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Vol. 2, Issue 7
December 22, 1999

Beaker's Bent:

Making the Outdoors
(part 1)

by Rich "Beaker" Wyckoff

 

 

 

adly for me, the Unreal engine project I've been working on since I joined Knowledge Adventure in March just got canned. I mention this not because I'm going to go into the details of what happened to our game (amazingly, every person who has ever seen our game, up to the highest execs, has had nothing but praise for it), but to lead into today's topic. In the eight months I worked on this project, I've learned a lot more about building non-traditional 3D games. Even if this particular project never resurfaces, I've gained some valuable experience and come up with a whole bunch of new ideas about how to make 3D games well, and I want to write about some of that now.

Though this project is cancelled it's probably good policy not to go into any great detail about it. For this article, all that is relevant is that the game was set in realistic outdoor environments. I've been working with outdoor settings for my entire career, from Flight Unlimited to Terra Nova to Trespasser to my now-cancelled project, and at this point I've developed an intense dislike for any game that takes place entirely indoors.

Even back when engines were yet more terrible at doing outdoors environments than they are now, games that stayed entirely indoors drove me crazy. This was for the simple reason that it is very difficult to come up with a reasonable setting for a game that includes no outdoors areas. I think one of the most brilliant decisions in System Shock was the inclusion of the four garden pods, which brought an element of organic terrain to an environment that was necessarily entirely indoors. If you read good hardcore sci-fi, you'll see plenty of reference to the psychological necessity of including simulating outdoors environments even in situations like this.

Perhaps part of the reason why I don't look back on Doom with any great fondness was there was just about no attempt made to even attempt to portray earthlike outdoors areas, nor was there any real connecting theme between levels. There were some wide-ranging spaces, but they were either literally bounded by walls or they felt like they might as well be, and the Doom engine did not even handle very large rooms well. Thus, the impression that stays with me from that game (and from what I've heard, the impression that most people have) is a succession of brownish-green corridors and intricately crafted mazes that didn't pretend to be much more than mazes.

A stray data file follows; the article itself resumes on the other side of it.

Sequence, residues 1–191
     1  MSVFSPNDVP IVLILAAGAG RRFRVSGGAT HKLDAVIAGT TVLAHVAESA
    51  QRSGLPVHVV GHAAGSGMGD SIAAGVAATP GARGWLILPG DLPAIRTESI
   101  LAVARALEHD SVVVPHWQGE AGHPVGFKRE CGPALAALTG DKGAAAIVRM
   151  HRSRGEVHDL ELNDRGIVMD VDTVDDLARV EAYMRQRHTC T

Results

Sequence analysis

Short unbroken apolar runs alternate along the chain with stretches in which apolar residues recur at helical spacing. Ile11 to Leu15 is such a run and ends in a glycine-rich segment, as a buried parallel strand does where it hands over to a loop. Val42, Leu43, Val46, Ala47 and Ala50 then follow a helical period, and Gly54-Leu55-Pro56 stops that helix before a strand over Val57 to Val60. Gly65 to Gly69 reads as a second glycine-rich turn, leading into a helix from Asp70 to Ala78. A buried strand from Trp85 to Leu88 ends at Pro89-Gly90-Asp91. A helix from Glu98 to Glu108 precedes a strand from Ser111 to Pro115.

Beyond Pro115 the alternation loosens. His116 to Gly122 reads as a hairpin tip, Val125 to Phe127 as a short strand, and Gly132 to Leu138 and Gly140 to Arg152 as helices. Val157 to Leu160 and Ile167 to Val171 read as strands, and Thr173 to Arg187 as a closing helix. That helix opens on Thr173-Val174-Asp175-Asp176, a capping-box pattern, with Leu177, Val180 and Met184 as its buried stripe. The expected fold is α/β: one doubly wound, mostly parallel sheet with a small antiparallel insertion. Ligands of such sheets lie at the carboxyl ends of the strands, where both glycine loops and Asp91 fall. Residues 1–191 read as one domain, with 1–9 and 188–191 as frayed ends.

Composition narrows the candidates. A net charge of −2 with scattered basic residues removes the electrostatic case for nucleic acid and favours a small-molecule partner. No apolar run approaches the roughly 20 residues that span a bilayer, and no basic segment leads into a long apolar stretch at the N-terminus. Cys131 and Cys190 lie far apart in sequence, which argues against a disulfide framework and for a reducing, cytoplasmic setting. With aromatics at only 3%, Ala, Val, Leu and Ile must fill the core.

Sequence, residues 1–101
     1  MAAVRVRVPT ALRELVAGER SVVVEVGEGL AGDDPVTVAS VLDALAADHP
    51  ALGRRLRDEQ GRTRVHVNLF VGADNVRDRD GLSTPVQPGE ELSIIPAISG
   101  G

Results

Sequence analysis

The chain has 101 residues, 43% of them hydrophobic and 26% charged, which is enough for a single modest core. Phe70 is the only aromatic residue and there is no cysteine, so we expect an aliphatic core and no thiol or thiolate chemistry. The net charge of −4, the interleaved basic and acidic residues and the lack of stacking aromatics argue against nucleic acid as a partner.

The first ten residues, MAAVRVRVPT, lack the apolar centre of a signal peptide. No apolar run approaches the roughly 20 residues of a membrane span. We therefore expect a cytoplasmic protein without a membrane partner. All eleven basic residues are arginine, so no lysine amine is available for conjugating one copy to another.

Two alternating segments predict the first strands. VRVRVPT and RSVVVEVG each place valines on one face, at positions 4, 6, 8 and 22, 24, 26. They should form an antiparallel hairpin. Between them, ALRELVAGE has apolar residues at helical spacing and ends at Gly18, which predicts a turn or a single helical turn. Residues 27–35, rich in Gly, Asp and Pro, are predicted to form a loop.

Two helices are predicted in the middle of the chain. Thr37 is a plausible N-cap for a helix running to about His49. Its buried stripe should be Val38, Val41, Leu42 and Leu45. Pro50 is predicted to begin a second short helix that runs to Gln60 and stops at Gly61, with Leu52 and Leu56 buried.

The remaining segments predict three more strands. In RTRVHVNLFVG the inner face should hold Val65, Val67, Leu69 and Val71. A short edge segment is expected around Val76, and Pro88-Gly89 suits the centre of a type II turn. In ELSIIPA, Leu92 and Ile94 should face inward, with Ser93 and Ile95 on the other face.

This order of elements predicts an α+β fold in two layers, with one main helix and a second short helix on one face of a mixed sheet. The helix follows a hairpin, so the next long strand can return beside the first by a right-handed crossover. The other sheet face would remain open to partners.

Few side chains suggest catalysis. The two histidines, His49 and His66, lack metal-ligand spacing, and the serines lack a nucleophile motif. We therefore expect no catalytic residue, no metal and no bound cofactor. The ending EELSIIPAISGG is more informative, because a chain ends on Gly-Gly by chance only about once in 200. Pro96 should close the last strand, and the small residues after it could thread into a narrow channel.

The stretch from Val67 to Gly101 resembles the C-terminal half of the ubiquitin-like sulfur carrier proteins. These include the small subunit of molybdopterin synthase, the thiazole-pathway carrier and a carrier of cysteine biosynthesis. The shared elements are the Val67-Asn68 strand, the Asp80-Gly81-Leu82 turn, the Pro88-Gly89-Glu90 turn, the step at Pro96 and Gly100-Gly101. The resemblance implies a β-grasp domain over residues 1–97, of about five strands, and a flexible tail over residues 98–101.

It's certainly not easy to craft a game that is both fun and aspires to something more than the standard set by Doom. I've personally never been satisfied with taking the easy way out, though, and Half-Life was definitely the final nail in the coffin for the "random indoor maze levels" style of first person games. It's not coincidence that Unreal Tournament and Quake III Arena, games clearly founded on this old-school style of level design, threw out any pretense of relation between the levels in their arcade-style backstory. There's nothing particularly wrong with this style of design, either, but it really does nothing to advance the state of game or level design.

Games that do attempt to take gaming further are going to need to address the outdoors in some way, and even indoor-oriented engines like Unreal and Quake II or III are powerful enough to do some justice to the sweeping majesty of outdoor environments. Having worked extensively with Unreal and ended up with environments that largely looked better than Trespasser yet ran at framerates closer to those of a shooter, I know it is possible.

There are two different issues to be solved when creating an outdoor level, or even just a level with outdoor components: looks and playability. We'll talk about looks first. There are several defining characteristics that make something feel like the real outdoors. To achieve a pleasing outdoors environment, you need to both understand these characteristics as well as the strengths and limitations of the engine you are working with. There are a lot of aspects to the looks of the level, but all I can cover in this installment are the texturing and lighting aspects. There'll be more in the next Bent.

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Credits: Illustration © 1999 Dan Zalkus. Beaker's Bent is © 1999 Rich Wyckoff. All other content is © 1999 loonyboi productions. Unauthorized reproduction is prohibited, so don't do it or we'll sick our lawyers on you. Muhahahahahahahah. ph3ar our [email protected] l3gal sk1lz y0.